Advanced search

Oxford Union president rape allegations - alumni open letter

(386 Posts)

MNHQ have commented on this thread.

FairPhyllis Wed 21-May-14 13:31:45

The president of the Oxford Union (which is a debating society at Oxford), Ben Sullivan, is currently being investigated over allegations of rape and attempted rape of two undergraduates at the university. He is refusing to resign or suspend his presidency. Speakers are beginning to pull out of events.

If you are a member of the university or an Oxford alumna/us, and feel strongly about the minimisation of rape and sexual assault "on campus" there is an open letter you can sign here calling for Sullivan to step aside while under investigation. It is organised by the OUSU VP (Women) and other students.

LRDtheFeministDragon Wed 21-May-14 14:39:29

Done, and shared it FB. I'm so glad this exists.

meandjulio Wed 21-May-14 14:42:19

I don't really think people should have to change their lives until they are proven guilty.

Salazar Wed 21-May-14 14:43:45


LRDtheFeministDragon Wed 21-May-14 14:46:01

I do, meand.

I don't think being Oxford Union president is such an inalienable right that you shouldn't feel obliged to step down if you're accused of rape. He may know perfectly well he didn't do it and he may be angry and hurt and confused about the accusation, but if he had proper respect for women and for rape survivors, he'd step down and let the Union carry on without him.

Salazar Wed 21-May-14 14:50:24

Here here LDR.

Far more articulate than I am capable of, but the sentiments are all the same.

Salazar Wed 21-May-14 14:52:17

Not articulate at all it seems.... That should be hear hear!

LRDtheFeministDragon Wed 21-May-14 14:54:29

Well, I'm articulate because I've had the argument already elsewhere! I do see that it's controversial, but I feel pretty strongly about it. I live in Oxford. There's a video gone around of students walking down the High Street singing about rape, too. It's not a good atmosphere and I think if someone is considered mature and intelligent enough to be head of the Union, they should be able to see that they're contributing to that culture by refusing to resign.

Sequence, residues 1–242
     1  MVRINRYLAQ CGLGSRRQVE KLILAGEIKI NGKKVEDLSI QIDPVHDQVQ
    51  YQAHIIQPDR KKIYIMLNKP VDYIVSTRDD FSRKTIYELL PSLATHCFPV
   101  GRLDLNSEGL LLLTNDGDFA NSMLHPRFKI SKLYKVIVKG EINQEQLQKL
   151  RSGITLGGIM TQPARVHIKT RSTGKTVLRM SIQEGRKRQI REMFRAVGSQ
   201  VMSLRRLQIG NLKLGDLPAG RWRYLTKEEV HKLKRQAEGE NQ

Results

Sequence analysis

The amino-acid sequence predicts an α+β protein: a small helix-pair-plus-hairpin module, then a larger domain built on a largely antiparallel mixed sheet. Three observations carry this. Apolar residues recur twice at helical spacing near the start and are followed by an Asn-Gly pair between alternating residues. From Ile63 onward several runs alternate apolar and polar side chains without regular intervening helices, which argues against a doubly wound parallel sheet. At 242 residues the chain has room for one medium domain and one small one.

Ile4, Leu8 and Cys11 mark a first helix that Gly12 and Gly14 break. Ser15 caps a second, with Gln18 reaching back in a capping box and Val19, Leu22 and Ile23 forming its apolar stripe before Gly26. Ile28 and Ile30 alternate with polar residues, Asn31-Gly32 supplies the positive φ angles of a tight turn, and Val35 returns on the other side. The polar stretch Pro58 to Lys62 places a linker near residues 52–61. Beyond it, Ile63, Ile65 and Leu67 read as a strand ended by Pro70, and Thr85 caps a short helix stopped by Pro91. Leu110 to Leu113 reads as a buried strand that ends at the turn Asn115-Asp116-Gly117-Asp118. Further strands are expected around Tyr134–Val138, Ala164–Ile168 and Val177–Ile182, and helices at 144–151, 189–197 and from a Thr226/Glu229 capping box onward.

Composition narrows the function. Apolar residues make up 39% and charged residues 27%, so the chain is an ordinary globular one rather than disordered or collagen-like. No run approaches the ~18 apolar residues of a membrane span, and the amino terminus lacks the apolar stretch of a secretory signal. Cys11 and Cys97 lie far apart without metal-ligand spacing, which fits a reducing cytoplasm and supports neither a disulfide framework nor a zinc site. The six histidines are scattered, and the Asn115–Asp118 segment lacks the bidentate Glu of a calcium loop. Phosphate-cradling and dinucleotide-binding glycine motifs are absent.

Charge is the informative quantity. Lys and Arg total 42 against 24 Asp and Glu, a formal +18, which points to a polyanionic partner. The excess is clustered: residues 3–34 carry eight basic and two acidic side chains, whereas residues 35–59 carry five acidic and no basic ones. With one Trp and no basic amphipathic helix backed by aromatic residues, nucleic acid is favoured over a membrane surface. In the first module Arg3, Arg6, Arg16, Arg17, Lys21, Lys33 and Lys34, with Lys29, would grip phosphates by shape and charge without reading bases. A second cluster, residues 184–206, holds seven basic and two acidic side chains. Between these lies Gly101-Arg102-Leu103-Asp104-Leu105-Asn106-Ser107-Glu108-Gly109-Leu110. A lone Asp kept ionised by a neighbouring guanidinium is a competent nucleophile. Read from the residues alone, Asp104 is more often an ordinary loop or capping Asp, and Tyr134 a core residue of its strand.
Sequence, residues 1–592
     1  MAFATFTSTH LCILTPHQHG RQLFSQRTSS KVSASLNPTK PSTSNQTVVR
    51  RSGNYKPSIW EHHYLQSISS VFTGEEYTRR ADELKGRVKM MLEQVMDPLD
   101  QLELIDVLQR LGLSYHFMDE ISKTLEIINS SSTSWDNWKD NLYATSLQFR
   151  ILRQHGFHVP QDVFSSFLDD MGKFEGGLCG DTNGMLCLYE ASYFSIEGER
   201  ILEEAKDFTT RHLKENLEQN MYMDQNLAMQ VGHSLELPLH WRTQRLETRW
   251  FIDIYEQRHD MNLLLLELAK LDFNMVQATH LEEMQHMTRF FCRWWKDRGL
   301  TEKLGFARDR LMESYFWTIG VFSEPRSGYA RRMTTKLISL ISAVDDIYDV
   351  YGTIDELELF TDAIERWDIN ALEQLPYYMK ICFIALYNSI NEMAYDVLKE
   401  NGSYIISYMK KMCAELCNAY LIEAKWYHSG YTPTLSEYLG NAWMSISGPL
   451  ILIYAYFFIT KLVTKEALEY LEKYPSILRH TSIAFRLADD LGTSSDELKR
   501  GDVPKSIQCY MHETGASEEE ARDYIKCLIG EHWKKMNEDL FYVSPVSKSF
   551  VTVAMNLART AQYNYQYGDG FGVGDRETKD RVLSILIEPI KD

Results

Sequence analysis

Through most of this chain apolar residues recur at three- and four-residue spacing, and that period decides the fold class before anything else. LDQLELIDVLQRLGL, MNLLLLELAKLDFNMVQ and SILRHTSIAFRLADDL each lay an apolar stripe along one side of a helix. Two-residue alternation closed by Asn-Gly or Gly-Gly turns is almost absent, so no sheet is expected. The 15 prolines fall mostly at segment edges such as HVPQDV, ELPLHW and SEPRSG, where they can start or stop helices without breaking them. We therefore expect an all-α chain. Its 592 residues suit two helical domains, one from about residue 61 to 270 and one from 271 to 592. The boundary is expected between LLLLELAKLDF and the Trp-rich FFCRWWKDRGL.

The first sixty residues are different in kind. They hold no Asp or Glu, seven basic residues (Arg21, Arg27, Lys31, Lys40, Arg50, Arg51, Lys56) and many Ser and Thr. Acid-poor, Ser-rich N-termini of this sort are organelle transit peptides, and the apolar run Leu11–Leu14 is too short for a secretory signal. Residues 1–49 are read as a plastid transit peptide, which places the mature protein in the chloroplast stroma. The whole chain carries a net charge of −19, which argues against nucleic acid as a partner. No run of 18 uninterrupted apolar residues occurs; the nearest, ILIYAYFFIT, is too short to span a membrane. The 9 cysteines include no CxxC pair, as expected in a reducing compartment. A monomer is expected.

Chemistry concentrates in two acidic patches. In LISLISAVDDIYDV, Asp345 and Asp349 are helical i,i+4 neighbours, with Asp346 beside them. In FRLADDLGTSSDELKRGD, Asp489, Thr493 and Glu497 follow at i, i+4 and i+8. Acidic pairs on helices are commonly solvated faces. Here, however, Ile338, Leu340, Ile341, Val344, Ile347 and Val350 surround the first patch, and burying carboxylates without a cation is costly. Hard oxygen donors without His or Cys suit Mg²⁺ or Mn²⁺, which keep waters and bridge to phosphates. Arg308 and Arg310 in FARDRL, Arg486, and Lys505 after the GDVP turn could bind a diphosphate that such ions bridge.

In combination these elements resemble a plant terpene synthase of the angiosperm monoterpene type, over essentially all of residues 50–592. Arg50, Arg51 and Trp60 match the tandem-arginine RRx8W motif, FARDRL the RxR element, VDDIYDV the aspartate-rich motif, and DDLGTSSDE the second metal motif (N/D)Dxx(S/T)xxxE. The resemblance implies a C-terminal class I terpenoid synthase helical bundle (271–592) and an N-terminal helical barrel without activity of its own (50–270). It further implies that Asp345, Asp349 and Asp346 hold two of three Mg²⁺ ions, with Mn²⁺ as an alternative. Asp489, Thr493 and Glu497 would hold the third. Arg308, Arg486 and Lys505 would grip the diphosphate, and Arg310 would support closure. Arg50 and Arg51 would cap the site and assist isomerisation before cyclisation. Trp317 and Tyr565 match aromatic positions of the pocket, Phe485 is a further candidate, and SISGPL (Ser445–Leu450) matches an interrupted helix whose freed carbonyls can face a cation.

Salazar Wed 21-May-14 14:57:13

Having been educated at Oxford and Durham myself, I know the exact attitude you are talking about. It's very prevalent and universities are doing very little to change the culture.

meandjulio Wed 21-May-14 14:58:22

I work in healthcare and I work with vulnerable people. If I were accused of some kind of violent, neglect or dishonesty crime, then it would make sense for me to be suspended. However, for a job that involves mostly committee meetings, phone calls and debates, I don't see why he should step down until he is proven guilty, and I don't think it shows disrespect for anyone for him to carry on doing what he was elected to do.

NickiFury Wed 21-May-14 14:59:08

I'm not sure I agree. If he's completely innocent why on earth should his life as he knows it change completely to accommodate a false accusation?

Salazar Wed 21-May-14 15:00:38

Nicki... For the reasons LRD states at 14:46. It's about acknowledging the seriousness of the allegations and respect for the nature of the crime and it's victims. Not him.

LRDtheFeministDragon Wed 21-May-14 15:01:59

nicki - I don't think his life as he knows it should change completely.

But no-one is suggesting it should.

However, he should step down.

meand - I think rape victims are vulnerable people. There is quite a high chance he is working with some rape victims - I think the statistic is something like 1 in 4.

NickiFury Wed 21-May-14 15:02:15

I still don't agree. Innocent till proven guilty, it can't be different for one particular crime.

WhentheRed Wed 21-May-14 15:03:07

Message withdrawn at poster's request.

LRDtheFeministDragon Wed 21-May-14 15:04:46

nicki - who suggested he wasn't innocent until proven guilty. I'm sorry, I hope I don't come across as harsh but this makes me so angry. No-one has suggested that 'innocent until proven guilty' does not apply, no one.

NickiFury Wed 21-May-14 15:09:42

You do not appear harsh but I can't agree with you. He's been accused of something that he will probably never be free of, even if proved innocent, at this point he is NOT guilty, he should not have to give up
something that is probably a huge part of his life until he is.

I say this as someone who is personally affected by the issues but would prefer not to go into detail on this thread.